Sony is drastically scaling back its sales expectations for next month’s launch of the PlayStation VR2 headset, according to a Bloomberg report citing “people familiar with [Sony’s] deliberations.”
The PlayStation 5 maker now expects to sell just one million PSVR2 units by the end of March, down from sales expectations of 2 million units in that period, as reported last October. Sony expects to sell about 1.5 million more headsets in the following fiscal year, which ends in March 2024, according to the report.
The scaled-back sales expectations would put the PSVR2 slightly ahead of the pace set by the original PSVR headset, which sold just under a million units in its first four months and 2 million units in just over a year. But that kind of sales pace looks less impressive today, when a headset like the Meta Quest 2 can sell a reported 2.8 million units in its first quarter, on its way to total sales of over 15 million, according to market analysis firm IDC.
The Quest 2 has a few key advantages in the competition with Sony’s upcoming headset, including an asking price that’s $150 less, even after a recent price hike. The self-contained Quest 2 also doesn’t need to be tethered to any external hardware, contrasting with the PSVR2’s reliance on a hookup to a $499 PlayStation 5.
Despite the Quest 2’s success at its relatively low price point, though, the VR industry at large seems to be moving toward the higher end of the pricing spectrum these days. Meta’s Quest Pro launched last October at a bafflingly high $1,499, though a one-week sale has slashed that price by $400 for the moment. And next month’s standalone Vive XR Elite will come in at a price of $1,099.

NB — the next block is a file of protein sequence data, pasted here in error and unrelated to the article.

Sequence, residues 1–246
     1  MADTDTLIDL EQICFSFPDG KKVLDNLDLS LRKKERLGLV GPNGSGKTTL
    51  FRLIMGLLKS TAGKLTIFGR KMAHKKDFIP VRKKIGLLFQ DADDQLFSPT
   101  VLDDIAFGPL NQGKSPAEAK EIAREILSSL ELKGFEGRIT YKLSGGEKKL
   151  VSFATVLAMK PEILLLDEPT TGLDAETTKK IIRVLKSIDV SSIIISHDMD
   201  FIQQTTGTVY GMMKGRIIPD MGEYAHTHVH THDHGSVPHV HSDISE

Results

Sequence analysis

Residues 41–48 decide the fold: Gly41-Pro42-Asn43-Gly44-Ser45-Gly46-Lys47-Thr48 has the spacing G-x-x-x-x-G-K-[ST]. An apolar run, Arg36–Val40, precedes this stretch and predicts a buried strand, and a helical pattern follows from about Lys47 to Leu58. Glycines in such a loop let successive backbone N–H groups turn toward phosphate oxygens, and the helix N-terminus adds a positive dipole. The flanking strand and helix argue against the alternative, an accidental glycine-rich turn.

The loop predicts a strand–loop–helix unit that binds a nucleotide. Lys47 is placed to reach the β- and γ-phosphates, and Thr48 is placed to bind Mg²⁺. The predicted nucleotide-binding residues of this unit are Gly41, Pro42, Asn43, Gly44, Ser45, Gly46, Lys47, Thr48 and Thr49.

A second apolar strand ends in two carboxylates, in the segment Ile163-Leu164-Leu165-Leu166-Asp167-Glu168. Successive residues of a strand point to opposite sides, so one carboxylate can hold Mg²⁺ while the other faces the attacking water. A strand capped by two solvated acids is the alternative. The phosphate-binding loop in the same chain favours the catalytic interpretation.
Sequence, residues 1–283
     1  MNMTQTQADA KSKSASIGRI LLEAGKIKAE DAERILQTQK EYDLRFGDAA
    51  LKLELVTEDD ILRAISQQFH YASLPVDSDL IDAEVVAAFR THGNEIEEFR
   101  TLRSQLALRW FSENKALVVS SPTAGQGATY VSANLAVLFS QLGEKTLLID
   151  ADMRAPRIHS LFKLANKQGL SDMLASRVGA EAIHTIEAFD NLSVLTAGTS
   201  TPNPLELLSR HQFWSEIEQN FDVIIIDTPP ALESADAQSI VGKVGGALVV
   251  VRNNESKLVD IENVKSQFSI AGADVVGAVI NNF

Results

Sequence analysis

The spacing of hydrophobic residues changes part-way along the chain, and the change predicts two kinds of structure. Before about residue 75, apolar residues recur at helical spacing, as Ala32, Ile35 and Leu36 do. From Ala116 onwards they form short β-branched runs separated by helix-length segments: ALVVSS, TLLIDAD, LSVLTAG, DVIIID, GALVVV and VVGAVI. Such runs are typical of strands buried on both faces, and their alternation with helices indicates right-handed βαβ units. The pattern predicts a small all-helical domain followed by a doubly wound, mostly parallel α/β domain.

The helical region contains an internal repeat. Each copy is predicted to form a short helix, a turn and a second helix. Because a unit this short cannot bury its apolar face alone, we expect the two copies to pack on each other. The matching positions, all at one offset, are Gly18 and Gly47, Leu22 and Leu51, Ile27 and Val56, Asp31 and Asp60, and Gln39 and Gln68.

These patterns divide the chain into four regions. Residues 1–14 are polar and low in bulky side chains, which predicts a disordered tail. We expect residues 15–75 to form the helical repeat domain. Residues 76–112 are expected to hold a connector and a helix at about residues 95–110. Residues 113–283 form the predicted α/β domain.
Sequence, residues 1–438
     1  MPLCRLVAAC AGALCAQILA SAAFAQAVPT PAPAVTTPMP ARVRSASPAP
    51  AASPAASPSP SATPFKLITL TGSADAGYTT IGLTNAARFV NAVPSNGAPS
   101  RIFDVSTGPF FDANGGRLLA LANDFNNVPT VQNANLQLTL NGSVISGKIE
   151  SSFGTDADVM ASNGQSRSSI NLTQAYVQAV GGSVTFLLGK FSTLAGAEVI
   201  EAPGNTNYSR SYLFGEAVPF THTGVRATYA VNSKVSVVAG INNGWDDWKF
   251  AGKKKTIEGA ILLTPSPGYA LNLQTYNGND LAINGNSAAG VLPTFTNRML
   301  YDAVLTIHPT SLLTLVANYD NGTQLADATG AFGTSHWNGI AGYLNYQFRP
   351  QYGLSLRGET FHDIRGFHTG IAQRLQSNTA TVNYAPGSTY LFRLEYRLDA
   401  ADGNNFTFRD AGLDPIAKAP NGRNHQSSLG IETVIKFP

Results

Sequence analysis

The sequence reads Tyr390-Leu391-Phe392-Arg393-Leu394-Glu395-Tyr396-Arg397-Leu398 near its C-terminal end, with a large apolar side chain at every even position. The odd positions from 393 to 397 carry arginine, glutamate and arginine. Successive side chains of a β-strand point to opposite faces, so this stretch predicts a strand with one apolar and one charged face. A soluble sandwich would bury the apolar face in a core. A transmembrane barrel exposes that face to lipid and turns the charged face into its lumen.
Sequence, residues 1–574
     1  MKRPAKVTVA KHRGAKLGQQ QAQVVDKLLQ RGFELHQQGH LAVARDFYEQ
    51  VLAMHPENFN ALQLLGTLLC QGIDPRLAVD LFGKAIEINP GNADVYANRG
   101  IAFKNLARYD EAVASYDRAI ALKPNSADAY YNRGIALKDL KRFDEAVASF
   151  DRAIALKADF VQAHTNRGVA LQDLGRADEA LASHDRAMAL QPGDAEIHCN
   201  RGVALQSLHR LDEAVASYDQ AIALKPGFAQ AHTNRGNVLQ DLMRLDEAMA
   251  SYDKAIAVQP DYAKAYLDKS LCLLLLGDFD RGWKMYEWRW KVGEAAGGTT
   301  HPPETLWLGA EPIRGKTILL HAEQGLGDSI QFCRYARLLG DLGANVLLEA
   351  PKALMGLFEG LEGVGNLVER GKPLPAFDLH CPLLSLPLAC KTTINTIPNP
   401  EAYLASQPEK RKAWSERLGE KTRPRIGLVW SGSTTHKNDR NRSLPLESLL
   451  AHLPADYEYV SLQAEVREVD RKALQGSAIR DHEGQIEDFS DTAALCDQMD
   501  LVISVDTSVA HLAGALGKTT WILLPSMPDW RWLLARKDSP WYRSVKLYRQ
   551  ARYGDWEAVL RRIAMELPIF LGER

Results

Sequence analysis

The first PSVR headset eventually sold at least 5 million units to a base of 106 million PS4 owners as of the end of 2019. If the PSVR2 sells at that same rate, that would represent just 1.4 million sales to the current crop of about 30 million PS5 owners (though both sales figures will presumably continue to increase with time, especially now that the PS5 should be easier to find on store shelves).
Add in a launch lineup that includes a lot of warmed-over VR titles ported from other platforms, and the PSVR2 seems poised to once again be more like the niche Sega CD than a strong and self-sufficient platform of its own. Or, as Macquarie Capital analyst Damian Thong put it to Bloomberg, “The PSVR2 will be no more than an expensive accessory for the PS5.”